Bedford Ave L Subway (Photo: Roshan Vyas via Flickr)
In the past year, residents, workers and various stakeholders including business owners have been on edge over the impending 18-month shut down of the L train. The shutdown has been planned to enable repairs of the tunnel running under the East River damaged by Hurricane Sandy and would impair over 400,000 of New York’s commuters every weekday.
The computer-based technology called communication-based train control is a signal system that lets the Metropolitan Transit Authority (MTA) run more L trains by knowing precisely where each train is on the line. This technology has boosted service frequencies and, according to MTA board member Andrew Albert, gave rise to the “economic revival in Williamsburg, Bushwick, and other Brooklyn communities.” Since 1990, ridership has more than doubled at L train stations and quadrupled at the Bedford Avenue stop.
While the MTA and other agencies active in the planning of alternative transit options are full force with re-visioning streets and public transportation options, small businesses are in the sidelines fearing the worst. According to the Regional Planning Association, merchants have experienced up to 50% business drop-off in past L train closures and with the 18-month shutdown, the 1,000 restaurants surrounding L train stations in Brooklyn (855) and Queens (145) – including five Michelin star-rated restaurants – are bound to face similar impacts. In fact, the burgeoning bar scene and nightlife of Williamsburg and Bushwick will also stand to suffer greatly from the L shutdown since both neighborhoods boast more liquor licenses per square mile than any other neighborhood in the outer boroughs.
On-Premise Liquor License Density (Source: Rudin Center for Transportation)
While many visitors will still be willing to make the trip across the East River via other modes of transportation or other subway lines for destination drivers and restaurants like Peter Luger’s Steak house or the original rainbow bagels, other small businesses may not be so lucky. Non- convenience retail such as clothing boutiques and designer home furnishings that have grown in Williamsburg have become dependent on visitors as much as residents.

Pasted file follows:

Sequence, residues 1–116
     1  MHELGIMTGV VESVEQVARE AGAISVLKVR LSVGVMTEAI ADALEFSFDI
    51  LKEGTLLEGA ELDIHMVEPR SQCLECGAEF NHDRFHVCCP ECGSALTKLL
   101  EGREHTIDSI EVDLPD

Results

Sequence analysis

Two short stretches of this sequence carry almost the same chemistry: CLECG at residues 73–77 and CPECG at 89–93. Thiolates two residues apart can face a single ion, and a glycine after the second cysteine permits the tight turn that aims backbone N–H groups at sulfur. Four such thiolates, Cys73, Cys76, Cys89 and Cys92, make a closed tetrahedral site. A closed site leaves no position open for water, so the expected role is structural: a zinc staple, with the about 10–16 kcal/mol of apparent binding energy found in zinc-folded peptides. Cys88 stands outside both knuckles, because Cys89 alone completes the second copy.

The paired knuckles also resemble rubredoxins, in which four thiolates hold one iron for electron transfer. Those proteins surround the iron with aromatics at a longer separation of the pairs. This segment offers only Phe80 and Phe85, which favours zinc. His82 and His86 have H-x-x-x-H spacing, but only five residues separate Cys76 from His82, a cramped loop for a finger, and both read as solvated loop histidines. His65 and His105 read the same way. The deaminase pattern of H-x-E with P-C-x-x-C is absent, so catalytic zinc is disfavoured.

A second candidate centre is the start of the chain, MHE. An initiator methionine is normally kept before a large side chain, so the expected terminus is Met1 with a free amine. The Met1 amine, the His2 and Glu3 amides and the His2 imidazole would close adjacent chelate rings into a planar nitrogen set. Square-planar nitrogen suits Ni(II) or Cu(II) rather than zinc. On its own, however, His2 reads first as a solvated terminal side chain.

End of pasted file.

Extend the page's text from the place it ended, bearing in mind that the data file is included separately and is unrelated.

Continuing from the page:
Minna Elias, the chief of staff for U.S. Congresswoman Carolyn Maloney who was also involved with businesses struggling during the Second Avenue subway construction, worries that little will be done on behalf of the businesses. In January, at a Town Hall meeting, both business owners and commercial real estate brokers came forward to highlight the already visible impacts of the shutdown on storefront vacancies and sales. According to Brooklyn Winery, a popular bar and venue for weddings, the L-train shutdown is already impacting bookings and business that normally get scheduled years in advance.
Although it might seem that the MTA’s needs of discouraging traffic are at odds with businesses’ needs to drive traffic, there are still steps that can be taken to mitigate the impacts of the L-Train shutdown. In a report published by NYU Rudin Center for Transportation last Fall, a useful recommendation was made to actively involve local chambers of commerce and business improvement districts in coordinating evening and weekend service to and from Williamsburg to mitigate impacts of the L-train shutdown. This effort could include designating pick-up and drop-off locations for ridesharing companies and taxis, or kick starting an optional benefit program for local restaurants, bars and shops to partake in that might consist of discount and voucher books for dining and shopping.

Fortunately, the conversation with local businesses is only just beginning with the help of L-Train Coalition, a community group of engaged stakeholders, community organizations, businesses, and concerned citizens. The group is looking to add the thoughts and needs of the business community to the larger conversation through surveys and discussions. Hopefully the findings from the surveys will point to potential programming strategies that business owners are willing to partake in and we’ll be keeping a close watch on the results of their efforts.